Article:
Storms don’t have to be named to inflict serious damage to our electric system. Fortunately, we did have some advance warning to prepare for events that impacted Tideland territory February 6-7 and February 20-21. The first event resulted from a line of thunderstorms that produced wind gusts between 45 and 65 miles per hour. More than 9,600 Tideland members experienced power outages due to distribution system damages. The lengthiest outage occurred on Fairfield Harbour Circuit #2 where a double-circuit pole broke, the force of which uprooted an underground line that also had to be repaired.
Two weeks later on the night of February 20, light snow and ice blanketed much of Tideland territory. As the sun rose, the Pinetown area was impacted by straight line winds.
When ice accumulates on power lines, it forms a teardrop shape. Straight line winds can cause the ice encased wire to take on the shape of an aerodynamic airplane wing resulting in lift. This is known as “galloping.” Galloping can cause wires to eventually touch, resulting in a fault or subsequent power outage. The increased movement can also cause cross-arms to break, bringing lines to the ground.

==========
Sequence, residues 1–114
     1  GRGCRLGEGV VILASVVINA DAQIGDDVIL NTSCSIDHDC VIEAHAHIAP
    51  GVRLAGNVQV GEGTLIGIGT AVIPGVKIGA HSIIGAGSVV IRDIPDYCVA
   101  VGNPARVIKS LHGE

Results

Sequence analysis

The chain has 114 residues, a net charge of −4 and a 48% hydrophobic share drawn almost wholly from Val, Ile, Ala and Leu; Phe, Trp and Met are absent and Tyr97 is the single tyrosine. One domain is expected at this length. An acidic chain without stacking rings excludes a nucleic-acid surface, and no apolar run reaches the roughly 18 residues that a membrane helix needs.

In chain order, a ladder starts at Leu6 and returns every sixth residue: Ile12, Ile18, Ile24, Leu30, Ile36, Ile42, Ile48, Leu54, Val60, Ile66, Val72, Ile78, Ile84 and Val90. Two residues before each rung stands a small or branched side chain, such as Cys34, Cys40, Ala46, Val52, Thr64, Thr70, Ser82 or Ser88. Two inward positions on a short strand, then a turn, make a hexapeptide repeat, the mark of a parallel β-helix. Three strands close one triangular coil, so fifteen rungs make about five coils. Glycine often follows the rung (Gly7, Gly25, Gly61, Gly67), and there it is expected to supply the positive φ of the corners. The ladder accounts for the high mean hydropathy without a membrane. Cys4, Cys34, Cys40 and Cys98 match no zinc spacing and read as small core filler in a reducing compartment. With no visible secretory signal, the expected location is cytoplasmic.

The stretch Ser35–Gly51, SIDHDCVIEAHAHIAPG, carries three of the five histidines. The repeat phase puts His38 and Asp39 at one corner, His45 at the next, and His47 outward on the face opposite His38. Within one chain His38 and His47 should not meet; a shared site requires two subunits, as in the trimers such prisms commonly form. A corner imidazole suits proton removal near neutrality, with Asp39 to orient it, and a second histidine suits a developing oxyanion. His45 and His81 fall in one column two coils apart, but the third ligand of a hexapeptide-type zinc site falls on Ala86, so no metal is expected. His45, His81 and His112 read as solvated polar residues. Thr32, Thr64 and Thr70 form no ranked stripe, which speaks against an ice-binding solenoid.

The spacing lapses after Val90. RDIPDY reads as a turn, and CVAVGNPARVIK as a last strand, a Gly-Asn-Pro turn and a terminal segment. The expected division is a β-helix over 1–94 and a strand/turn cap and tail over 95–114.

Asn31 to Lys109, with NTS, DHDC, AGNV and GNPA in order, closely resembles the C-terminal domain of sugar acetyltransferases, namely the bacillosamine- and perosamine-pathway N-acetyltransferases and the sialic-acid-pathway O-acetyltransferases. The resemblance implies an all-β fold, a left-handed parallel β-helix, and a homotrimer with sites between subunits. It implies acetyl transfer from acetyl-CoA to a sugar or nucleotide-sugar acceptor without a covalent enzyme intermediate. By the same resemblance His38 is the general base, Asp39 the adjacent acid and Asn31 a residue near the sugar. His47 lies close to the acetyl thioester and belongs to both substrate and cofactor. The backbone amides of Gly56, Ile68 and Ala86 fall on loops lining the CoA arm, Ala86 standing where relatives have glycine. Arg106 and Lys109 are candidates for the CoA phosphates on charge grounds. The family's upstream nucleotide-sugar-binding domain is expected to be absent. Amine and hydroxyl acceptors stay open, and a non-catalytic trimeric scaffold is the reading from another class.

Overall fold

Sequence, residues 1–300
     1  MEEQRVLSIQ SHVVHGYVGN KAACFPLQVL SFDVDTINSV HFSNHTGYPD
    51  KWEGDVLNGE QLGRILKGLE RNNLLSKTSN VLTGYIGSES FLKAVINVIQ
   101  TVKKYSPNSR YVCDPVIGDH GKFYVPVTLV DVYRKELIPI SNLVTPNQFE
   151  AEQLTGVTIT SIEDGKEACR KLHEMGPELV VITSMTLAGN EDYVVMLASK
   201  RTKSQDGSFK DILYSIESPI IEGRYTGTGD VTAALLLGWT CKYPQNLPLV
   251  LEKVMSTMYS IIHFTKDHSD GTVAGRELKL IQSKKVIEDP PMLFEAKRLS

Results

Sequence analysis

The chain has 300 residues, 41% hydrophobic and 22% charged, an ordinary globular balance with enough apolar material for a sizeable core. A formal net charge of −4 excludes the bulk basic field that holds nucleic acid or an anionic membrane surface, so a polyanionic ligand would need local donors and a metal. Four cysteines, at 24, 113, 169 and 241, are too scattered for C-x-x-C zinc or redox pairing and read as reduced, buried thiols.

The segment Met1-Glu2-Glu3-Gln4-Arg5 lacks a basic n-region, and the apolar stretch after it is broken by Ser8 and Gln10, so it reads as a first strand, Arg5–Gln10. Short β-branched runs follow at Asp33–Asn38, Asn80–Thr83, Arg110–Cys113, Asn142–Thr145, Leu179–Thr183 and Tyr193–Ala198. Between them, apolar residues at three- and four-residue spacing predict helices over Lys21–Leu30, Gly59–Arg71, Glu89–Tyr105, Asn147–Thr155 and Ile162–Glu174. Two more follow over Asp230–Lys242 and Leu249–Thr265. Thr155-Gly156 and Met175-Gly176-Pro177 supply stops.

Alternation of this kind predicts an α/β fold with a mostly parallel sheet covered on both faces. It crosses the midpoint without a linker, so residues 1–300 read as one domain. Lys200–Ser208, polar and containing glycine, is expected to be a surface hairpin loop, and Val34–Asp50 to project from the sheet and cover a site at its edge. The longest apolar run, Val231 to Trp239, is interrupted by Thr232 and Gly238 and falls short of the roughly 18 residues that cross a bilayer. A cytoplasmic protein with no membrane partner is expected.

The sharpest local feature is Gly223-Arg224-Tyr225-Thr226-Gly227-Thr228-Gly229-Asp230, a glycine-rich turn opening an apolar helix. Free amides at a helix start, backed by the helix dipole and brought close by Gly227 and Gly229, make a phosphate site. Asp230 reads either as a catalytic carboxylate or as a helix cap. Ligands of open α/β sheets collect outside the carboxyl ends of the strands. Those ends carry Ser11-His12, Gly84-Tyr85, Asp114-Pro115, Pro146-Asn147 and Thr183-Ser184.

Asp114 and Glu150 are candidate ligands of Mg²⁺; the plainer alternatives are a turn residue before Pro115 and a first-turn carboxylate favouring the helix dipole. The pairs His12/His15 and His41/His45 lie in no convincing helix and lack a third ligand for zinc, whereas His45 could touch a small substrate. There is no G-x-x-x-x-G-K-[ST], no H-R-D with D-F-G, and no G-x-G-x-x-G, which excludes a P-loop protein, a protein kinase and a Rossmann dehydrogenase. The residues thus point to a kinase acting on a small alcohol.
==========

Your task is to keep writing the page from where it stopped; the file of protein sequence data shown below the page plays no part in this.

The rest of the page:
It was this galloping phenomenon that dominoed out of control early February 21, damaging 15 poles, 10 of which were in a clearing along on Old Hwy. 97. While 1,700 members were impacted by the wintry outages, crews were able to re-route several lines to allow for power restoration while repairs continued. Unfortunately, a handful of members in the Shirley Farm area experienced the longest outage as crews battled high winds much of the day as they attempted to reset multiple downed poles.
Damage elsewhere was limited. South of the Pamlico River, an auto accident resulted in a broken pole on Cotton Patch Road in Chocowinity.
We appreciate our crews and the long hours they put in to restore power as well as the patience and support of our member-owners.
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